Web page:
Send to

Choose Destination
J Obstet Gynaecol Res. 2012 Oct;38(10):1240-4. doi: 10.1111/j.1447-0756.2012.01857.x. Epub 2012 May 8.

Subfertility in women with familial Mediterranean fever.

Author information

Department of Obstetrics & Gynecology, Mansoura University, Mansoura, Egypt.



The aim of this study was to examine the causes and different modalities used for management of subfertile patients with familial Mediterranean fever (FMF).


The study comprised of 74 infertile women with FMF. All patients were diagnosed as having FMF. All patients underwent a full infertility work-up. They were scheduled to expectant treatment, ovulation induction and timed intercourse, intrauterine insemination or intracytoplasmic sperm injection.


Anovulation was reported in 18 patients (24.32%). Anovulation was due to polycystic ovary syndrome in 12 (16.22%) cases and due to other causes in six patients (8.11%). Excessive clear peritoneal fluid was present in 56 (57.67%) and male-factor infertility was present in 14 couples (18.91%). Ovulation induction and timed intercourse was adopted for a maximum of six cycles and intrauterine insemination for three cycles. In vitro fertilization/intracytoplasmic sperm injection was needed in six cases using standard long agonist protocol. Twenty-six women became pregnant.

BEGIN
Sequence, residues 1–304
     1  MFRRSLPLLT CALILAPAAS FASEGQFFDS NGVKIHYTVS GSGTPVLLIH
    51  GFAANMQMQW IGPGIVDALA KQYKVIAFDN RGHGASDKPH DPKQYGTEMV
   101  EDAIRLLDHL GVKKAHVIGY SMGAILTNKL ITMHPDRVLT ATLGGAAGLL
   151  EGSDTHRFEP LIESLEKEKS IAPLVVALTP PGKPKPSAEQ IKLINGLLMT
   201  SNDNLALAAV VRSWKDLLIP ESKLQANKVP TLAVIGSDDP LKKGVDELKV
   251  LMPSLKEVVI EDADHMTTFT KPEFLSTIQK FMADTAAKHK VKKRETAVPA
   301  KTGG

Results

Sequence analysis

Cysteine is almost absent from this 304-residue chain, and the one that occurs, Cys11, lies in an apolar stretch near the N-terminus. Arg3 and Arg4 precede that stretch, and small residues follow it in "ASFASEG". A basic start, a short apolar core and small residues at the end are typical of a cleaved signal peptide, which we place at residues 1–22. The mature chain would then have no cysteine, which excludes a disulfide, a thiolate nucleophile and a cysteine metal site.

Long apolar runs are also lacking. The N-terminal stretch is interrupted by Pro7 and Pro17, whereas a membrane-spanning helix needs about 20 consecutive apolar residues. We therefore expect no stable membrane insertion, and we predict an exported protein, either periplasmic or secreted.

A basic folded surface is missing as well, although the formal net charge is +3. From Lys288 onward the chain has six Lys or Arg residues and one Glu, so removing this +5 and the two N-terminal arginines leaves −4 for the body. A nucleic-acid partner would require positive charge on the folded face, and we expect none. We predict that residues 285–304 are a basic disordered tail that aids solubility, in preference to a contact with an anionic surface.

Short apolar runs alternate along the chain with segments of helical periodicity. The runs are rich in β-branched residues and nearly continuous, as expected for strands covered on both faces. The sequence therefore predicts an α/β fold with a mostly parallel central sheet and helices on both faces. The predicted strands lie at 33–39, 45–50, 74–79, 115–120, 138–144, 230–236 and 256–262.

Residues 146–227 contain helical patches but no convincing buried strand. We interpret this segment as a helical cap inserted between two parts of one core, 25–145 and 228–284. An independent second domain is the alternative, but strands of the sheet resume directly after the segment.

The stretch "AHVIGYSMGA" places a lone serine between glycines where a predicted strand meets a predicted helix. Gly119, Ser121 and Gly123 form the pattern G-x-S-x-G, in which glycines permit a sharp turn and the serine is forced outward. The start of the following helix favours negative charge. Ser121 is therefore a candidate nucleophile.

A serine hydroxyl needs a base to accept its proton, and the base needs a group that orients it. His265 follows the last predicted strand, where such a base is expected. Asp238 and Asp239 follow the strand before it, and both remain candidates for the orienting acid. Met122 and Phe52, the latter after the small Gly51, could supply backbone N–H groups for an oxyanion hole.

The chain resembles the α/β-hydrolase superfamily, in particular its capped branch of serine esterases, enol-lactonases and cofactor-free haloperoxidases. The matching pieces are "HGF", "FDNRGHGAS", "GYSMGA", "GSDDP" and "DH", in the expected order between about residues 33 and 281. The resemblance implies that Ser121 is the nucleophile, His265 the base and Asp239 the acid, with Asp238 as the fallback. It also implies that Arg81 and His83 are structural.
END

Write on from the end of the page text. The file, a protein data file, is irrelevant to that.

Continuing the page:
The causes of infertility in patients with FMF are not different from those expected in the general population. Treatment of the problem should be causal, adopting the conventional lines of treatment up to in vitro fertilization/intracytoplasmic sperm injection when appropriate. Colchicine is the treatment of choice and it is important to use it in its proper doses to control the disease.

[Indexed for MEDLINE]

Supplemental Content

Full text links

Icon for Wiley
Loading ...
Support Center